Your Trend Guide to Prom This Year

Prom season is upon us, and Millennials in high school are prepping for the big night in their own ways. While exploring current prom trends, we fielded data that supports big departures from trends of generations past, even those of older Millennials. Here are the biggest prom trends we’re seeing surface this year and why these shifts are happening:
 
The Dress Stress 

21% of females rated choosing what to wear as the most important part of prom, putting a lot of pressure on prom shopping. 54% of females have already started shopping for their prom attire (note that it’s mid-April) versus 30% of males who will be waiting until 2-3 weeks before the date to secure their suit or tux. The majority of females (35%) plan to shop at department stores for their selection, while 21% are turning to online stores for the best chance of finding deals for their tight budgets.

Showing up in the same dress as a classmate could be considered “social suicide” so internet savvy Millennials are safeguarding against this potential disaster by creating private, school specific Facebook groups to post pictures of the dresses they’ve chosen. High school Prom Dress Registry groups have been multiplying year by year to ensure that girls are safe from dress duplication before they buy. Members (which can be the entire female population of the school) often post to the group with dressing room selfies, and updates if they change their look or want to sell a dress. One might expect that a group with competition for dresses could become catty, but posts are almost unanimously positive, praising each other on how amazing they look in their dresses, regardless of whether they are boutique, store bought, or a hand-me-down.
 
The More the Merrier

63% of Millennials would prefer go to prom with a…

 
 
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Millennial News Feed

Quote of the day: “I learned to cook with ship-to-home meals like Blue Apron.” –Male, 24, IL

Lego has an imaginary friend that they want you to meet. The brand's latest video campaign, created in partnership with Facebook, asks kids around the world to define and build a “kronkiwongi,” whatever they imagine it might be. The clips celebrate kids’ imaginations and creativity, and the brand is hoping to engage and inspire parents with the content. Participants are encouraged to upload videos of their own kids’ kronkiwongi creations, which will be compiled into a final video showcasing all the submissions. (Campaign Live)

YouTube’s #humblebrag last week was well deserved, as the site comes in at number one for U.S. tweens and teens. According to a survey by KidSay, 89% of 8-15-year-olds use YouTube, and 44% subscribe to between one and 10 channels, while 35% subscribe to more than 21 channels. 29% of tweens and teens say watching videos is what they do most while online, with boys gravitating towards game-related channels and girls watching more DIY, life-style centric channels. According to Ypulse’s social media tracker, 79% of 13-32-year-olds currently say they have a YouTube account. (Kidscreen)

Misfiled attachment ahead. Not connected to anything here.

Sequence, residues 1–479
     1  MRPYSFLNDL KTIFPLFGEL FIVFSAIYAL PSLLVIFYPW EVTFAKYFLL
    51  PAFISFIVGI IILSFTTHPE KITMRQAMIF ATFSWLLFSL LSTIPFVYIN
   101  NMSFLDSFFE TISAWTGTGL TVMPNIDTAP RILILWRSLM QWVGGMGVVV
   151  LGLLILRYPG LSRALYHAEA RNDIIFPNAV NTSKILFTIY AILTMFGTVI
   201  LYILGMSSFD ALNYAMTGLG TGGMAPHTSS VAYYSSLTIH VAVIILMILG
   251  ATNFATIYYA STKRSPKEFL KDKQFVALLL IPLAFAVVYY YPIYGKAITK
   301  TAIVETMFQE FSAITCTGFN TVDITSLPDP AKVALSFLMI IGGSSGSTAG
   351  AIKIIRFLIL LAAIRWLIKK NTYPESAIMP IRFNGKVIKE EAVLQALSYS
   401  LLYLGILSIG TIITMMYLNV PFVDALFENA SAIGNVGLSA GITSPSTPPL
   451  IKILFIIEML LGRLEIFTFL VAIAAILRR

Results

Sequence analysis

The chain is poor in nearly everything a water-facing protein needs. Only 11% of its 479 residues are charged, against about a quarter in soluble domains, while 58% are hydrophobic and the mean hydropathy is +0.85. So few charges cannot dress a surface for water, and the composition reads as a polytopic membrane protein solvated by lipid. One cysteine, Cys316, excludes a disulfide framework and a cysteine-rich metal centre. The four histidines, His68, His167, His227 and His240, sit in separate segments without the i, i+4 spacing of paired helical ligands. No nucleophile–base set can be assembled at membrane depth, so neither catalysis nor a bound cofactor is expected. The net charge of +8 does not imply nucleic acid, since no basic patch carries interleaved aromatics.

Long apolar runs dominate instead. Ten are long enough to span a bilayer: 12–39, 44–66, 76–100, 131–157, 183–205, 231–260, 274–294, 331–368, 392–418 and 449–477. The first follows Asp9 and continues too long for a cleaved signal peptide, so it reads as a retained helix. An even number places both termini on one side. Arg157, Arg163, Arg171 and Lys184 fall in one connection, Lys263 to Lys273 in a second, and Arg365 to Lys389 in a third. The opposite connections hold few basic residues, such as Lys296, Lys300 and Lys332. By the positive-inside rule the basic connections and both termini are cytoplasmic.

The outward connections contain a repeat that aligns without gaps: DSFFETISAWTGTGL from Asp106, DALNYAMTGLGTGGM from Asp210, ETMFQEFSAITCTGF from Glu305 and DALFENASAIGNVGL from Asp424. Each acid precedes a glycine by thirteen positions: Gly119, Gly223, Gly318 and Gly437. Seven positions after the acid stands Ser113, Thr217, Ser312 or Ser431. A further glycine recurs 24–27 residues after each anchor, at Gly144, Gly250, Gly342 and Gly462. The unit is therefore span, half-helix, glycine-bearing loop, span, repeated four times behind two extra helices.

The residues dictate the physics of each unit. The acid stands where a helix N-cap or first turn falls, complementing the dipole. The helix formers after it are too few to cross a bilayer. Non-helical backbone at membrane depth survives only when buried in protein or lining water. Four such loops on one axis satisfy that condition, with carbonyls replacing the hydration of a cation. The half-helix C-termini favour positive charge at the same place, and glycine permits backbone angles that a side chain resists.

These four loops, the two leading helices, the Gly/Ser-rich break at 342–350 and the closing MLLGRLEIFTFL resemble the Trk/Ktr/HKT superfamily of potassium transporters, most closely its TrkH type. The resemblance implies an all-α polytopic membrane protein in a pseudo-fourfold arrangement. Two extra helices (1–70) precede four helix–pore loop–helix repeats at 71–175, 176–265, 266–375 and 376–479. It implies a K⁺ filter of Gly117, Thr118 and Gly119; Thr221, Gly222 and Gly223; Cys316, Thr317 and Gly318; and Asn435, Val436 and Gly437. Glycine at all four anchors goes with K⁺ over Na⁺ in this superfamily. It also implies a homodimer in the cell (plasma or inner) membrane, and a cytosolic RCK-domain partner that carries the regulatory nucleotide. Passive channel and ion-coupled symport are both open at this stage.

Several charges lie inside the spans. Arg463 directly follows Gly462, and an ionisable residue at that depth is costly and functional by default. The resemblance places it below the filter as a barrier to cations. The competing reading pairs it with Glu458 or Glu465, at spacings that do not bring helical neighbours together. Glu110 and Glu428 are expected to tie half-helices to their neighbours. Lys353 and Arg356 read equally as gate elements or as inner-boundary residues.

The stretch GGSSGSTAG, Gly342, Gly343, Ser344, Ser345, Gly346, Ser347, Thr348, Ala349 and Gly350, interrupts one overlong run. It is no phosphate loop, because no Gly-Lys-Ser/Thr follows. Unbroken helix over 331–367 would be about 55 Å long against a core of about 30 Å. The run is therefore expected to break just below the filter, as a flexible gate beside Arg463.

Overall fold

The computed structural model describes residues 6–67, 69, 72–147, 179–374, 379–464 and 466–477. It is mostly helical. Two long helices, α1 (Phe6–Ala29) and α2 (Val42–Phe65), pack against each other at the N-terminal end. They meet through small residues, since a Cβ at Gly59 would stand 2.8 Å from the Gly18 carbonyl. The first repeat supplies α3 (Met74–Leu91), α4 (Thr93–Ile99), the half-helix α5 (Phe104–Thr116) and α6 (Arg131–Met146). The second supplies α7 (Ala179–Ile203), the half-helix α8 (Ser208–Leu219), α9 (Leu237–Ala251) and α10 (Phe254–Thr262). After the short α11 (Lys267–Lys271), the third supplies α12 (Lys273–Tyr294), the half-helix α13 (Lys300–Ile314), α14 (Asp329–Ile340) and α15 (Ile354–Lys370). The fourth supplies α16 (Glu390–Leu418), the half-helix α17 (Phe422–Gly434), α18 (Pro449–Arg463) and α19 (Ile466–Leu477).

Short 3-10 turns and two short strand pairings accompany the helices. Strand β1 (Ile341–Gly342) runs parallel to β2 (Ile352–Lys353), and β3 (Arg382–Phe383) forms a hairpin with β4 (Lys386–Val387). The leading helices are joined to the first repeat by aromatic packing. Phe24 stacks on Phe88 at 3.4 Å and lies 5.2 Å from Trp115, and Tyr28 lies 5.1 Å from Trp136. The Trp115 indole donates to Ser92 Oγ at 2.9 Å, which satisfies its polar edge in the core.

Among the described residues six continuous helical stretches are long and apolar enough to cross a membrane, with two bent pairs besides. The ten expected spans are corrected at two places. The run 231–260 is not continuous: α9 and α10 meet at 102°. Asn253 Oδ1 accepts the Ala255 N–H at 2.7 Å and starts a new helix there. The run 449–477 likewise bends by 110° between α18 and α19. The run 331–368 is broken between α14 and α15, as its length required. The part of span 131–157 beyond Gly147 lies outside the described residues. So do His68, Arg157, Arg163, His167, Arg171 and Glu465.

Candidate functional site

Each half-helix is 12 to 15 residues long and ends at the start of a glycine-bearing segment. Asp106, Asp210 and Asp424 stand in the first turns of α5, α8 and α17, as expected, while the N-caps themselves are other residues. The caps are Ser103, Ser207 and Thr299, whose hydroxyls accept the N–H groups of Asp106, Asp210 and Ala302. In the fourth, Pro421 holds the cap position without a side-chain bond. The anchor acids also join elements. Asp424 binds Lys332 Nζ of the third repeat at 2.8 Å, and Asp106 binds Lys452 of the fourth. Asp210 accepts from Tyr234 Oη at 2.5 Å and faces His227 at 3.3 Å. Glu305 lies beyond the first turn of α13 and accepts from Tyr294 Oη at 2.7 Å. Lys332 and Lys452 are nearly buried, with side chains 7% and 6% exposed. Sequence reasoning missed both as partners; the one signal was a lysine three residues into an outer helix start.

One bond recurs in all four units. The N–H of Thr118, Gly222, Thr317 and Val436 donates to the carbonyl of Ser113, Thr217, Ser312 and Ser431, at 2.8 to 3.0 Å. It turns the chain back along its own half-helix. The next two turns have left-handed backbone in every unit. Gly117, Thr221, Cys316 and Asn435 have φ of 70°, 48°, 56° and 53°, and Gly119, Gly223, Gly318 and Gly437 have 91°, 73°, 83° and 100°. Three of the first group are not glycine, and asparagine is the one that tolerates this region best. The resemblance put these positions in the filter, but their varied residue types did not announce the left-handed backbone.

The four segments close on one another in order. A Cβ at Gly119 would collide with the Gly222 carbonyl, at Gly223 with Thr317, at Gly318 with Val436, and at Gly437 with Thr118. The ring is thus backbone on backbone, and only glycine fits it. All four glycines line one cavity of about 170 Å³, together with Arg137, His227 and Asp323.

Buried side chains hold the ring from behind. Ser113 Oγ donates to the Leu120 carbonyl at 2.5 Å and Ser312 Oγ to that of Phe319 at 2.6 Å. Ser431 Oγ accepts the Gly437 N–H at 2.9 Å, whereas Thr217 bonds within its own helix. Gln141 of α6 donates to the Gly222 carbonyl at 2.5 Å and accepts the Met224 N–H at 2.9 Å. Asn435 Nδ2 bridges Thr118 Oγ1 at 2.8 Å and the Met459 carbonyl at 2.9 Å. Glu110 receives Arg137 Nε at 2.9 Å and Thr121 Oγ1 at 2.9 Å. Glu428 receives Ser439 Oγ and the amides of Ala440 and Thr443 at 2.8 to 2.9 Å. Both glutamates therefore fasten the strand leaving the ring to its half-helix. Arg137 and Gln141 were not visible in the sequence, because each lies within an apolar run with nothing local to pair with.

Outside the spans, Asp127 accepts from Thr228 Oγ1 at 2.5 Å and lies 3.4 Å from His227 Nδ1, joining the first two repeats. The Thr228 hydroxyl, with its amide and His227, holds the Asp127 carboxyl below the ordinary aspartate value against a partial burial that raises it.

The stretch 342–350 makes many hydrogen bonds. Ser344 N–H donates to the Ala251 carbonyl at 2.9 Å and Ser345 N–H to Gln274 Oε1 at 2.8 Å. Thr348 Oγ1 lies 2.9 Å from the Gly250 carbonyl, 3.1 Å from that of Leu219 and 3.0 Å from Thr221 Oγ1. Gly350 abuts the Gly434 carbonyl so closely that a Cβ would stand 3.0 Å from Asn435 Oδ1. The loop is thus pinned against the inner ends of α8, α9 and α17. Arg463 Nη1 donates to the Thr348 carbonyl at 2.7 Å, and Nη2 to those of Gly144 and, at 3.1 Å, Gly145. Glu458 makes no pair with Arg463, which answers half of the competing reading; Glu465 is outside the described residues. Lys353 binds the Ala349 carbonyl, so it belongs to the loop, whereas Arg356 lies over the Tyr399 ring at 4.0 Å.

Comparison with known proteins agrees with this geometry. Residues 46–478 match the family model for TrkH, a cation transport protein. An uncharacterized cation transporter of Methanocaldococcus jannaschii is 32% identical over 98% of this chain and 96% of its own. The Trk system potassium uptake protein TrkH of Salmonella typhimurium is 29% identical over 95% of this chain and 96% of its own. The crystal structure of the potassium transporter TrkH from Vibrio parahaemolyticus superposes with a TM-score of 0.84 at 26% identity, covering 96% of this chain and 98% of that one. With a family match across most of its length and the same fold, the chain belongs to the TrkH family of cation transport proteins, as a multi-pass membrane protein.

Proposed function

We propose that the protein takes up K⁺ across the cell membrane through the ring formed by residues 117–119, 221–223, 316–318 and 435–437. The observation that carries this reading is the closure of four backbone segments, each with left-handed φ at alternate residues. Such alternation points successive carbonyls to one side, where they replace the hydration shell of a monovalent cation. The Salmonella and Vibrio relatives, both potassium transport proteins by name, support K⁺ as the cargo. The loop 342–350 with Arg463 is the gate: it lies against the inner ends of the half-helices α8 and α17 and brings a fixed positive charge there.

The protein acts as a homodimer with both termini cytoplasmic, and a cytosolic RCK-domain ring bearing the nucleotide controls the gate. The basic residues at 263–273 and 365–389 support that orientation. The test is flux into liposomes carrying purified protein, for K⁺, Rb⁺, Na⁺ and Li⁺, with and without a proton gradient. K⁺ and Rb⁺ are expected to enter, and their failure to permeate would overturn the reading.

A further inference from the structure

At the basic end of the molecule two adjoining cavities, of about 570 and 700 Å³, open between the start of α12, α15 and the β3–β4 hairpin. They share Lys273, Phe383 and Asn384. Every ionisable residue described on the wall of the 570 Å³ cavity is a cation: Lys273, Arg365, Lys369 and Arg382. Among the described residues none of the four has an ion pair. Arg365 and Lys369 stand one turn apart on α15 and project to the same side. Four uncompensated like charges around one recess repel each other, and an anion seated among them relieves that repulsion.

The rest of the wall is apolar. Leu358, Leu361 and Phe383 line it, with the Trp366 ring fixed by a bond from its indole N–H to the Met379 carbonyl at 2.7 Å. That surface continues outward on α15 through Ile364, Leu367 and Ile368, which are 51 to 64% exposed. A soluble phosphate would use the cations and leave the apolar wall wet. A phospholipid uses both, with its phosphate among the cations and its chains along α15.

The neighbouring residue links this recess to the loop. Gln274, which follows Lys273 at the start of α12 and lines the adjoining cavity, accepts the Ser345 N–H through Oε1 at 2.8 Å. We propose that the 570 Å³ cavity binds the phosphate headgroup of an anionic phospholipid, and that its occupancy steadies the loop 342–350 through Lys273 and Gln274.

Ever wonder why music taste varies by generation? According to a study by Spotify and Echo Nest data, taste in music is solidified around 33-years-old, after which it becomes more rare to seek out new music. This “taste freeze,” when music preferences are locked in, happens when listeners stop listening to what’s considered popular music, and instead return to “the music that was popular when they were coming of age.” The study illustrates that listeners’ interest in new music continues until around 25, then slows to “maturity” in the mid-30s. (Uproxx)

BMW wants to make Drivers Ed cool. The luxury car brand is offering teens in several major U.S. cities a free, two-hour driving class that teaches “safety and fun” and also puts participants behind the wheels of several BMW models. The free class is a shortened version of their two day, $1,295 hands-on course that lets kids learn about everything from hand placement to high-speed breaking, and take the Beemers out for a spin on a road course to improve their skills, and presumably become more attached to the brand. (Time)

Last week anonymous group Never 21 took over Millennial-favorite brand Forever 21’s flagship store in New York City to spread awareness of the young people of color who were never able to reach age 21 due to police violence. The group hung a #BlackLivesMatter banner in the window and dressed the mannequins in “Black Lives Matter” T-shirts. We’re continuing to see Millennials step forward and become a part of social activism movements around the world. (Refinery29)

Let’s face it—we are living in the age of the selfie. It’s a legitimate Webster term, the new autograph, a way to say hi, and we’ve taken a closer look at the current status of young consumers and the selfie for you. Check out our most recentInfographic Snapshot, which breaks down complex data into an easy to understand and quick to digest visual takeaway. Our Gold and Silver subscribers are given access to our regularly published informative Infographic Snapshots that take our proprietary monthly survey stats and synthesize them to tell a story about this generation’s behaviors and views. (Ypulse)

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